Constant water supply has been a major challenge for women in Jarra Sukuta, in the lower river region of the Gambia. The women are mainly horticultural producers who have been grappling for years with water scarcity.

Insufficient water supply has delayed agricultural productivity and economic empowerment for women in the region. To help tackle this issue and improve agricultural productivity, the mayor of Banjul City Council who also doubles as the president of the Network of local elected Women of Africa (REFELA) , Rohey Malick Lowe, together with the Mayor of Lagfifat of Morocco, Mina Bouhdoud, unveiled a water project in Jarra Sukuta as a way of providing solutions to the water situation in the community.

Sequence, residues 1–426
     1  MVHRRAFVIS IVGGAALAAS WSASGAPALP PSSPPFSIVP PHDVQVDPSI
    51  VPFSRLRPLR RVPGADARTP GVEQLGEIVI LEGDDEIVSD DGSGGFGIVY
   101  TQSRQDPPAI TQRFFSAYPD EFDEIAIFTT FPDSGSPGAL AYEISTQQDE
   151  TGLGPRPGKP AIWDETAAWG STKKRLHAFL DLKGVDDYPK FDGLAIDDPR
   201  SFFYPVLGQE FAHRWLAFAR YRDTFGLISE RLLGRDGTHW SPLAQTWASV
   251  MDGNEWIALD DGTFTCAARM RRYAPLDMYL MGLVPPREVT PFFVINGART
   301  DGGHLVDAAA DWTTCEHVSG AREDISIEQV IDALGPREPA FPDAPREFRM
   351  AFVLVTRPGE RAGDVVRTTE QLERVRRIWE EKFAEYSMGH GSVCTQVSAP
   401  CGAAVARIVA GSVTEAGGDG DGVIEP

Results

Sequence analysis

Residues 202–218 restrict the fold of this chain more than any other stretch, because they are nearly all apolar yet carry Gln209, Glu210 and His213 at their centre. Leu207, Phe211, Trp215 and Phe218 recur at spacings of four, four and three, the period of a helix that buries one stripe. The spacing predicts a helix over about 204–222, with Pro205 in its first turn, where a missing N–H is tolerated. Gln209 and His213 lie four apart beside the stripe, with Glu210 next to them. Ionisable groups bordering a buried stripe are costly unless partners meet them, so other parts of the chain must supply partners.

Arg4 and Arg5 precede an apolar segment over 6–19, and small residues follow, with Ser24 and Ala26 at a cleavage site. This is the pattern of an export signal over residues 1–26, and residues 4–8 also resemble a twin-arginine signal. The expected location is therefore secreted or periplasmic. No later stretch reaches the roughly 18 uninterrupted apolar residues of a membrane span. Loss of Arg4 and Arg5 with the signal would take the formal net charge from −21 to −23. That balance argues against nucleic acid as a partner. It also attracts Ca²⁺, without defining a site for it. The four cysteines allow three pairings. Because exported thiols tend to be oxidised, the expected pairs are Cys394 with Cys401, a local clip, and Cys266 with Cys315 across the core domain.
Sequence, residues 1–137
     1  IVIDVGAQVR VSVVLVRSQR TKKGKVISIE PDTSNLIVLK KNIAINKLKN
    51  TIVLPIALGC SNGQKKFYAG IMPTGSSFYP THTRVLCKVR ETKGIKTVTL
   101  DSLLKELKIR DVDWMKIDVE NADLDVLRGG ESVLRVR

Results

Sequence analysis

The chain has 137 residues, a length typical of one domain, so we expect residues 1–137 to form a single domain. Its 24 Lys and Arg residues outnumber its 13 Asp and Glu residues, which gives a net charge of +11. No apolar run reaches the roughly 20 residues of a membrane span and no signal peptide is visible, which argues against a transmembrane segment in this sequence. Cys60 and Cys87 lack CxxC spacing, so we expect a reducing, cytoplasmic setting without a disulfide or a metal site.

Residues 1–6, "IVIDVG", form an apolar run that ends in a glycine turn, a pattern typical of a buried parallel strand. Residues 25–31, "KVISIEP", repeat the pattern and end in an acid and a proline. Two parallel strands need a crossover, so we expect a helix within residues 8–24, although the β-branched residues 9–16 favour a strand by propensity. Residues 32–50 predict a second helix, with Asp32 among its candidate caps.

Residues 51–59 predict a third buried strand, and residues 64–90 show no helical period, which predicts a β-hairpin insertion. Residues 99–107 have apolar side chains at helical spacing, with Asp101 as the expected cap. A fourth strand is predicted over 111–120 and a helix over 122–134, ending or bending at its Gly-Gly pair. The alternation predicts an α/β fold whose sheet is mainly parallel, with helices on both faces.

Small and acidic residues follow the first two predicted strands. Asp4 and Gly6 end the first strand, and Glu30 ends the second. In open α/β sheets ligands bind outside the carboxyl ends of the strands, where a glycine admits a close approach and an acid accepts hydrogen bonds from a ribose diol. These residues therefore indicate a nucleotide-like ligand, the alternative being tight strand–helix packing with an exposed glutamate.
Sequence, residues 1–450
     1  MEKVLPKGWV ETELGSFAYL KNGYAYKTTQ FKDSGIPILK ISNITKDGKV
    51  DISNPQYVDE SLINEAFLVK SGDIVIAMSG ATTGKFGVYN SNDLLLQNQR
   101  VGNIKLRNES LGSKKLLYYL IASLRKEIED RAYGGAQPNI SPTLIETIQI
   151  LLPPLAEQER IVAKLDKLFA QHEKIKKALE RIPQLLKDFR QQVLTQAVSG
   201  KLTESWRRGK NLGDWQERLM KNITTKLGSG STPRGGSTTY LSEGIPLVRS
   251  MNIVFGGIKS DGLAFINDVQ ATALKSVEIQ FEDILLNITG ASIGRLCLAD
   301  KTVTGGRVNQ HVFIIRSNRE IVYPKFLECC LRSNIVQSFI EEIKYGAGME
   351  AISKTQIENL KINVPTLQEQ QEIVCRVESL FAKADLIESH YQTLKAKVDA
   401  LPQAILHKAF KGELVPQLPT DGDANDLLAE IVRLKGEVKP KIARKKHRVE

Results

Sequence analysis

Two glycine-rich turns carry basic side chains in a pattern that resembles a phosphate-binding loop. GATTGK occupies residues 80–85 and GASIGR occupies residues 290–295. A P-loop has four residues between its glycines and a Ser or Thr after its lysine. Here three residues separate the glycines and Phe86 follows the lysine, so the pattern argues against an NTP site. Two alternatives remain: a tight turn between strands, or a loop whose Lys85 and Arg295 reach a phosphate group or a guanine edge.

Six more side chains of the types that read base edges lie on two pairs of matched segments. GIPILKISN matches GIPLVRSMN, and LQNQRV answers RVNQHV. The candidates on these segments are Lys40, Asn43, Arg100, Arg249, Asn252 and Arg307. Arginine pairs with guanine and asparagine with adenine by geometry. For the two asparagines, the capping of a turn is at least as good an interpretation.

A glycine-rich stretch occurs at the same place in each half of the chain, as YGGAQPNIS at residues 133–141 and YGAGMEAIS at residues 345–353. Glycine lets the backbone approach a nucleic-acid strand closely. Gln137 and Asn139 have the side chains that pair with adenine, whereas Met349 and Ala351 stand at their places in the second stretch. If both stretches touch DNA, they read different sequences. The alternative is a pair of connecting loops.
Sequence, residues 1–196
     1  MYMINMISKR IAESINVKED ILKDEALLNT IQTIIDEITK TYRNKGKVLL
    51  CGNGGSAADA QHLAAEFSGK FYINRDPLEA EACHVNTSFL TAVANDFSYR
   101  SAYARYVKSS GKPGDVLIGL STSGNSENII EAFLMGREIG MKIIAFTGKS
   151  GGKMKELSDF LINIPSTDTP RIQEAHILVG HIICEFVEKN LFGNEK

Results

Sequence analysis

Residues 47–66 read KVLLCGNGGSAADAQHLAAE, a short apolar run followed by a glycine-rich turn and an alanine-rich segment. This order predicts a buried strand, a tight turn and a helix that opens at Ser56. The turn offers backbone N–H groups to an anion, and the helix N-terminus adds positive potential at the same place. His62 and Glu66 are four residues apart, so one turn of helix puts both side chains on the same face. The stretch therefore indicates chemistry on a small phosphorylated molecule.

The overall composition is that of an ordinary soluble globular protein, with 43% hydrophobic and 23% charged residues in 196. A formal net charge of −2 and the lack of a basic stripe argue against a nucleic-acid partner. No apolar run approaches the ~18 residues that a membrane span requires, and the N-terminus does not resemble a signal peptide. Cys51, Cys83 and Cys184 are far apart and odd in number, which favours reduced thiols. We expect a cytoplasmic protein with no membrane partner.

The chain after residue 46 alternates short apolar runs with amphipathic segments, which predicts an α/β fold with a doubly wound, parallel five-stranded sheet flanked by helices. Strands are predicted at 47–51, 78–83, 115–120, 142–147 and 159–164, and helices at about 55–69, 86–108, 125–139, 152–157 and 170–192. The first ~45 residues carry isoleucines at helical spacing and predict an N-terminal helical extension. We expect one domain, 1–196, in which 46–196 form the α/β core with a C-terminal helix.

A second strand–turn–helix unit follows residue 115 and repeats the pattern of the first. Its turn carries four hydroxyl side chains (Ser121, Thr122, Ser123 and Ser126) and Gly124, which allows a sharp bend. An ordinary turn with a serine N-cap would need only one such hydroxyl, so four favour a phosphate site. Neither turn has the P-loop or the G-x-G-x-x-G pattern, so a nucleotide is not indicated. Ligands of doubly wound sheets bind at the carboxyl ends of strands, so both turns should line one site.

The project aims to minimize the struggles that women in Jarra Sukuta encounter, particularly in irrigating their crops and meeting household water demands.

Rohey Malick, Mayor of Banjul city said the women are excited about the water project and its positive impact on their trade and their lives.

The project was made possible by the Network of Locally Elected Women of Africa (REFELA), using the African Support Fund for International Decentralized Cooperation (FACDI) of the Directorate General of Local Authorities (DGCT) of the Moroccan Ministry of the Interior.

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